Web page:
Supreme Court Holds That Arbitration Appeals Automatically Stay Proceedings in District Court
Case Name and Number: Coinbase, Inc. v. Bielski, No. 22-105
Introduction: Today, the Supreme Court held in a 5-4 decision that a district court is required to stay all proceedings while an interlocutory appeal of the denial of a motion to compel arbitration is pending.
Background: Section 16(a) of the Federal Arbitration Act authorizes litigants to file an interlocutory appeal from the denial of a motion to compel arbitration, but the statute does not say whether the district court must stay proceedings while the interlocutory appeal is pending. In this case, Bielski filed a putative class action on behalf of Coinbase users, alleging that Coinbase failed to replace funds fraudulently taken from user accounts. Coinbase filed a motion to compel arbitration, which the district court denied. Coinbase filed an interlocutory appeal pursuant to Section 16(a) and simultaneously moved to stay proceedings in the district court while that appeal was pending. The district court denied the stay motion, and the Ninth Circuit likewise declined to stay the proceedings.
Issue: Whether an interlocutory appeal of a denial of a motion to compel arbitration requires the district court to stay proceedings while that appeal is pending.
Court’s Holding: In an opinion written by Justice Kavanaugh and joined by Chief Justice Roberts and Justices Alito, Gorsuch, and Barrett, the Supreme Court concluded that a stay pending appeal is automatic. The Court explained that this result follows from the background divestiture principle set forth in Griggs v. Provident Consumer Discount Co. (1982), which held that an appeal “divests the district court of its control over those aspects of the case involved in the appeal.” Because an interlocutory appeal of the denial of a motion to compel arbitration concerns whether the case even belongs in the district court, the Supreme Court concluded that the entire case is “involved in the appeal.” The Court also reasoned that without an automatic stay, the benefits of arbitration—e.g., efficiency, less expense, less discovery, and less burden on judicial resources—would be lost, and parties could be forced into “blackmail settlements” to avoid the district court proceedings they contracted to avoid through arbitration. Finally, the Court rejected the arguments raised by Bielski in an effort to overcome the Griggs principle.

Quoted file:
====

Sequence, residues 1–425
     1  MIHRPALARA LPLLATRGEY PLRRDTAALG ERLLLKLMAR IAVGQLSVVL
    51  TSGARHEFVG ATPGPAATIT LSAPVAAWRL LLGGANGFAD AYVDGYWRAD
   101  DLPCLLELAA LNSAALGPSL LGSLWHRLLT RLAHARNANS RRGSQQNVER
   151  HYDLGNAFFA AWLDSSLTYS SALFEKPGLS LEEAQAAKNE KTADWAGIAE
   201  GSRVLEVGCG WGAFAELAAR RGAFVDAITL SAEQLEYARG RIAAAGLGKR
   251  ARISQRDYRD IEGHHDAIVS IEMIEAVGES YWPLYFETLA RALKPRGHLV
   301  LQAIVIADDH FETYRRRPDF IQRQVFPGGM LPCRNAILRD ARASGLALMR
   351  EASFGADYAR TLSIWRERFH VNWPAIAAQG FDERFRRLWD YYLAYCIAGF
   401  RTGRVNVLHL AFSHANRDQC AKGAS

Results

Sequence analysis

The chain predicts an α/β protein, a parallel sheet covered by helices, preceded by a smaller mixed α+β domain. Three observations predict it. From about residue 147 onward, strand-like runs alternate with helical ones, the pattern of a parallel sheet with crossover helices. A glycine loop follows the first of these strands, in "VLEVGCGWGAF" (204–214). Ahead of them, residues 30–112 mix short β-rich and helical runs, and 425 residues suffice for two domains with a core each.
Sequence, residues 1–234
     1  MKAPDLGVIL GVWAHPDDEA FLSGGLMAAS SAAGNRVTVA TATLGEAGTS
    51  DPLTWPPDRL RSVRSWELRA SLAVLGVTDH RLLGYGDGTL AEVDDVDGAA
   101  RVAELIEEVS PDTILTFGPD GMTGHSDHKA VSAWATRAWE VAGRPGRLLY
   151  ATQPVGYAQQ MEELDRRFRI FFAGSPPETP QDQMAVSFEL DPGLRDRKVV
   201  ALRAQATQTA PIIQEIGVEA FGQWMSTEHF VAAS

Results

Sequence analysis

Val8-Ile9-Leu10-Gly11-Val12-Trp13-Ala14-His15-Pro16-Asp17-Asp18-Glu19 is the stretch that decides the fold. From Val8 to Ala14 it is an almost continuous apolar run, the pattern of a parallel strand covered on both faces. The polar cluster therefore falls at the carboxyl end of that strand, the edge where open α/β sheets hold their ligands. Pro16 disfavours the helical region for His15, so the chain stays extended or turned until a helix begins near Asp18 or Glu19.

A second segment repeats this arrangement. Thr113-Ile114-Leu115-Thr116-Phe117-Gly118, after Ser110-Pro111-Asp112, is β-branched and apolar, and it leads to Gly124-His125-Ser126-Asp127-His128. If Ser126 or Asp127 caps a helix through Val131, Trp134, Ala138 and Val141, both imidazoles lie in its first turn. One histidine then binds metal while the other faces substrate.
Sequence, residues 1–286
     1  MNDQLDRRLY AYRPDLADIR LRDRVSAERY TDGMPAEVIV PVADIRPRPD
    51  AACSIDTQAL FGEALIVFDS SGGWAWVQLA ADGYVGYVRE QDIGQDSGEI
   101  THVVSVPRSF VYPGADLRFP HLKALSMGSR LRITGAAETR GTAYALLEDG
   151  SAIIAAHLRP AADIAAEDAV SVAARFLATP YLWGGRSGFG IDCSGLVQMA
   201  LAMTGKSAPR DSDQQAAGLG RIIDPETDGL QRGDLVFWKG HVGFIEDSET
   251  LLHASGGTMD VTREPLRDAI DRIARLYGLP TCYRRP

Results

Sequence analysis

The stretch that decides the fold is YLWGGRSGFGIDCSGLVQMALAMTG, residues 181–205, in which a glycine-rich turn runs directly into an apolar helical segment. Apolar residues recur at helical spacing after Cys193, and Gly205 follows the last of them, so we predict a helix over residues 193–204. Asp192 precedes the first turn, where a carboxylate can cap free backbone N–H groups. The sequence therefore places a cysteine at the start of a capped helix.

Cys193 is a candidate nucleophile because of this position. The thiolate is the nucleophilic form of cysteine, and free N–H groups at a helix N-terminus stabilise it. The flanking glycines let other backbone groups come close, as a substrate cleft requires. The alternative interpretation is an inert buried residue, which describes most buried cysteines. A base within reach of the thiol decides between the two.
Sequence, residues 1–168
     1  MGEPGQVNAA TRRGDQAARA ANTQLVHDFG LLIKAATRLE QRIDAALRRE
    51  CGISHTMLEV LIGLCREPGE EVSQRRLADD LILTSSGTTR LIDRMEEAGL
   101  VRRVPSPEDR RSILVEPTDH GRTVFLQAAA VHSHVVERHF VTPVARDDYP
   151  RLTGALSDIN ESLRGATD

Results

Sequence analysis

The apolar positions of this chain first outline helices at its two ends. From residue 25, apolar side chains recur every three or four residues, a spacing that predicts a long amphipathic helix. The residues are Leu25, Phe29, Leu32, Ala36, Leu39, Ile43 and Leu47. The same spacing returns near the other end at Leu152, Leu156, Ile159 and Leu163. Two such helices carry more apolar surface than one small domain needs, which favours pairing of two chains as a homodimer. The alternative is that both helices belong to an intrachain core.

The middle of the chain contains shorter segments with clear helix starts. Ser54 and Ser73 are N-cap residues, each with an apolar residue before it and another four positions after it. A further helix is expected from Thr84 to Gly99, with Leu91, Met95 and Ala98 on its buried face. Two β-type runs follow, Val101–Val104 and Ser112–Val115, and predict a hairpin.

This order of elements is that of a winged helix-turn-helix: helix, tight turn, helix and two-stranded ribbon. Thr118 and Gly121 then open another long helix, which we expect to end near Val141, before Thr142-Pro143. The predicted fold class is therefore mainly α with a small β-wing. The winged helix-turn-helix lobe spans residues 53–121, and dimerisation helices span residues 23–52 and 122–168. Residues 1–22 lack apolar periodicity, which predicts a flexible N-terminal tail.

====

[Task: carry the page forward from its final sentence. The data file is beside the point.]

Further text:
Justice Jackson authored a dissent, which Justices Sotomayor and Kagan joined in full and which Justice Thomas joined in part. The dissent contended that Section 16 does not expressly authorize a stay and that the background Griggs principle operates more narrowly—it prevents the district court only from revisiting its order denying arbitration while that order is on appeal. The dissent thus would have concluded that stays pending appeals from denials of arbitration are up to the district judge’s discretion.
Mayer Brown filed an amicus brief in support of Coinbase on behalf of the National Retail Federation.
Read the opinion here.